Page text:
John Rohe responds
These comments are prompted by Eartha Melzer‘s article (Greening Hate, April
18 Northern Express). The Tantons‘ issues and values merit our attention.
For this reason, I took the time to write their biography.
Dr. and Mrs. Tanton are no strangers to the arguments raised by Eartha
Melzer. When their love of the land moved them to consider threats to the
land, they became leaders in the population movement. As the biography
points out, Dr. Tanton was national president of Zero Population Growth
(ZPG) in the 1970s. At the time, our fertility rates were plummeting from
3.5 children per woman to 1.7. The Tantons then addressed the next
population issue; immigration reform. Charges like those leveled by Eartha
Melzer might have been expected. The Tantons‘ resolve was unaffected.
Since the mid-1970s, U.S. fertility has been so low that we have not been
filling our shoes from one generation to the next. Nevertheless, the U.S.
Census Bureau reports that our population will more than double in the
lifetime of a college student today. This doubling is just the first
installment. One additional doubling will bring the United States to a
billion person nation!
In writing this biography, I have attempted to examine the Tantons‘ lives
and motivations. Your readers should form a neutral opinion on whether it is
fair to accuse them of “greening hate.“
Here‘s a sobering fact: We live on a planet having a daily net population
gain (births minus deaths) of approximately 220,000 people every day. In
other words, Detroit‘s population of just under 1,000,000 people is being
replicated on the planet every fourth day. There are approximately 1.2
billion people going to bed hungry every night. Several hundred thousand
people slip beyond the brink of malnutrition every year, and 2.4 billion
people eke an existence on less then $2.00 per day. This hardship will not
be eased with relaxed U.S. borders. Those who cut and run from foreign lands
are often the best catalysts for change back home.
Dr. Tanton has often been heard to suggest: “The price of admission in the
immigration debate is to propose the optimum level of annual immigration.“
While immigration has fluctuated over the centuries, the annual average has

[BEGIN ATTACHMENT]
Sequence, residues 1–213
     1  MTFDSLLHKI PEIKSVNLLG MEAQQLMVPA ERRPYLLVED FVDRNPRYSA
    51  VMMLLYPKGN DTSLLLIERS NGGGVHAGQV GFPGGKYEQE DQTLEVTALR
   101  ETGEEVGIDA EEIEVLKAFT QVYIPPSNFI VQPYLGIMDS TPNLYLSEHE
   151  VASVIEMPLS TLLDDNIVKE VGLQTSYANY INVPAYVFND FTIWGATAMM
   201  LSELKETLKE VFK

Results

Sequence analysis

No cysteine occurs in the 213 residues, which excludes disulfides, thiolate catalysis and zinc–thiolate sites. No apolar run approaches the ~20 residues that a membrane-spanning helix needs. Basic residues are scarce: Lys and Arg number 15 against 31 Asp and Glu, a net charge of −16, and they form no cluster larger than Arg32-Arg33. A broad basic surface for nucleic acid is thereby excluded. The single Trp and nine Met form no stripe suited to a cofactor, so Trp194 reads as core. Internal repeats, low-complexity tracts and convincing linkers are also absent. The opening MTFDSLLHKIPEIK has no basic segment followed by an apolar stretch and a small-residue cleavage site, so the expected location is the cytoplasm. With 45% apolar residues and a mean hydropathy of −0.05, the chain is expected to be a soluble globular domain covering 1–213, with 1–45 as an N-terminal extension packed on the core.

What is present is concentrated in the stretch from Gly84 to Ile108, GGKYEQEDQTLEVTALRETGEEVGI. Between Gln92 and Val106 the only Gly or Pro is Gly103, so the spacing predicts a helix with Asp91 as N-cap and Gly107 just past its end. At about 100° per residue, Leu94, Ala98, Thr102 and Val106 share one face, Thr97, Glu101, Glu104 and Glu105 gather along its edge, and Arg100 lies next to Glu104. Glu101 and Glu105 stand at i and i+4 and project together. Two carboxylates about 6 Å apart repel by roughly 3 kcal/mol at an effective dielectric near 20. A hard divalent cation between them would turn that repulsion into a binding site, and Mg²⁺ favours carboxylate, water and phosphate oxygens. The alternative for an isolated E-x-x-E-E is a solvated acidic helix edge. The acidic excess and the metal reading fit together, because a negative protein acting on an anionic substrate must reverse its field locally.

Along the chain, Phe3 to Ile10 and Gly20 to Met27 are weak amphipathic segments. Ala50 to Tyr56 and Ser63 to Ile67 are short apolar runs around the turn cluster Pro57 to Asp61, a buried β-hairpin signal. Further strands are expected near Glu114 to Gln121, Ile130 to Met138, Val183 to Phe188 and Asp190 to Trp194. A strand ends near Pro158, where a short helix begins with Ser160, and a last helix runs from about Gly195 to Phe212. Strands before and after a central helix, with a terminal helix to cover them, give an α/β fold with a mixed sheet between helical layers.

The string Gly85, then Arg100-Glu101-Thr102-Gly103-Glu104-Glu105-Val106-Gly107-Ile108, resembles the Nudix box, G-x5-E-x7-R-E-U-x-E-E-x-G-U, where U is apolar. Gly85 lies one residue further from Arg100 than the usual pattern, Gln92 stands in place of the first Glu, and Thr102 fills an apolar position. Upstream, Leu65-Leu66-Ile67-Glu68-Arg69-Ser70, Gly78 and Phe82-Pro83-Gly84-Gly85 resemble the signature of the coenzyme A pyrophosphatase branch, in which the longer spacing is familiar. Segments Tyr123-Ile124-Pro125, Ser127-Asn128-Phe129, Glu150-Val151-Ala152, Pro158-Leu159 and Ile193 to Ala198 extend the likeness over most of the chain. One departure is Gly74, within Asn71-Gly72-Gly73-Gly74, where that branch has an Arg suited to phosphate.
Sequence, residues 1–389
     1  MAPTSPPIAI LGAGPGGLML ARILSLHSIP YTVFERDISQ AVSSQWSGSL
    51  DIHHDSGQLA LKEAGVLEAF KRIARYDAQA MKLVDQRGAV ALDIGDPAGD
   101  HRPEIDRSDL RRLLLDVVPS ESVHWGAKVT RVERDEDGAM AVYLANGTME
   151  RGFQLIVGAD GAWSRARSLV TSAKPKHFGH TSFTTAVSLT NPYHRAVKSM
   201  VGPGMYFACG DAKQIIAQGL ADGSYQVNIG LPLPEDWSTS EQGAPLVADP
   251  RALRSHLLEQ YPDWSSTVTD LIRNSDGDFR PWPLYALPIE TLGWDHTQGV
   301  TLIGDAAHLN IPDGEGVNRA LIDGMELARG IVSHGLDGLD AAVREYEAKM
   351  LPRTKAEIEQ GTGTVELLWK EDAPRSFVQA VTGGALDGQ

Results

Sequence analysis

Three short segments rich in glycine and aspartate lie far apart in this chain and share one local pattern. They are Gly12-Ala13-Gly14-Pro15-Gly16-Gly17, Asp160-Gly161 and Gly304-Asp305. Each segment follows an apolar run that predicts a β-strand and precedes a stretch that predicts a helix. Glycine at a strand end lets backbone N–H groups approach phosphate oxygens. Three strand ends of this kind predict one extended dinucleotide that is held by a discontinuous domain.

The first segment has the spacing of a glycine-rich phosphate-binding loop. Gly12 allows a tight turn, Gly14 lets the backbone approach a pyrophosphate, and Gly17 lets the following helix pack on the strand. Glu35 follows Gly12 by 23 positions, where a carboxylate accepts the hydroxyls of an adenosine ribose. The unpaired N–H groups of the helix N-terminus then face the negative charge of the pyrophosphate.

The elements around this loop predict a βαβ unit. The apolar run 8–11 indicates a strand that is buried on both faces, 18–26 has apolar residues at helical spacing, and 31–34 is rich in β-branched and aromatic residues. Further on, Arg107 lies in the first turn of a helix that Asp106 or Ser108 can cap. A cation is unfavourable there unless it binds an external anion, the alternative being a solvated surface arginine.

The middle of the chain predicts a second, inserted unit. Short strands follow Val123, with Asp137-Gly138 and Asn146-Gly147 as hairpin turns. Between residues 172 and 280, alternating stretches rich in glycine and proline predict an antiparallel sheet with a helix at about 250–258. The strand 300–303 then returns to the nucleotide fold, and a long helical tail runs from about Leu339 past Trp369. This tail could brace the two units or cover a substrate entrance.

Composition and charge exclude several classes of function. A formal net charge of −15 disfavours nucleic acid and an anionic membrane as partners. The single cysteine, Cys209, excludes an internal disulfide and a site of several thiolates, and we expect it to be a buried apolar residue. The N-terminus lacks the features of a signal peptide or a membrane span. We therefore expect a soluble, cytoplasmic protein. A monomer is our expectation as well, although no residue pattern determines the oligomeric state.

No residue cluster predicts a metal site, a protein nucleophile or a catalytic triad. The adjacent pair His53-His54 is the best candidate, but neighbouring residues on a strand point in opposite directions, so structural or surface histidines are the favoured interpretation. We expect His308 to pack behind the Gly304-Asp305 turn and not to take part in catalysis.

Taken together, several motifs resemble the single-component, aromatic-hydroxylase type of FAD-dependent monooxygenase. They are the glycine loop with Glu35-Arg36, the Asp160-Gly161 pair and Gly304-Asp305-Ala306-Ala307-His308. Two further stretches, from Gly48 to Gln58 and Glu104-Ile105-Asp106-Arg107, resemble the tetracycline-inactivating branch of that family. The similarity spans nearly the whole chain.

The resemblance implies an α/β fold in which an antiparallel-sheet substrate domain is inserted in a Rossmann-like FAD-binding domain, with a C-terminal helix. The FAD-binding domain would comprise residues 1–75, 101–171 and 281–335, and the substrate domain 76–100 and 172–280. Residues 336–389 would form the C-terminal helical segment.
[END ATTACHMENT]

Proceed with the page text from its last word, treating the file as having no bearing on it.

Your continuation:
ranged between 175,000 and 200,000. John Tanton would propose it now be set
at 200,000. For the past decade, legal and illegal immigration has been
about 1.5 million per year. Melzer did little to meaningfully advance the
debate beyond name-calling. She fails to identify an optimum level of
population or immigration. Perhaps by default, she is adopting the Wall
Street Journal proposal that the United States should have no borders. In
its quest for access to cheap labor, the Wall Street Journal, and certain
big business interests, want others to pick our cotton. Curiously, they
label any dissent as racist. Melzer and the Wall Street Journal have become
strange bedfellows on this issue.
The Tantons endure these charges even while pointing out that our
under-privileged minorities are first in the line of discrimination by the
unprecedented wave of immigration now flooding the nation‘s borders. This
wave is not undercutting the wages of the editorial board of the Wall Street
Journal. Rather, our minorities are being jostled to the back of the job
line. There is a sad reality to American politics: We are loathe to change
course when only those without a voice are negatively impacted.
Readers of the biography, and participants in the debate, should decide
whether it is permissible for U.S. citizens to still be concerned about
becoming good ancestors. Must everyone concerned about congestion suffer
The Tantons have often pointed out that our cherished principles of freedom
and liberty are impacted by population pressures. In other words, one person
‘s freedom to kick up their heels is limited by the proximity of the next
person‘s kneecap. More people means more kneecaps. Stiff laws are required
in congested places. That, in a nutshell, summarizes our legal history.
Melzer could meaningfully advance this dialogue by identifying an optimum
population for the United States. In other words, how many people would be
needed to provide an adequate work base for economic security without
overburdening our natural resources and cherished freedoms? If she suggests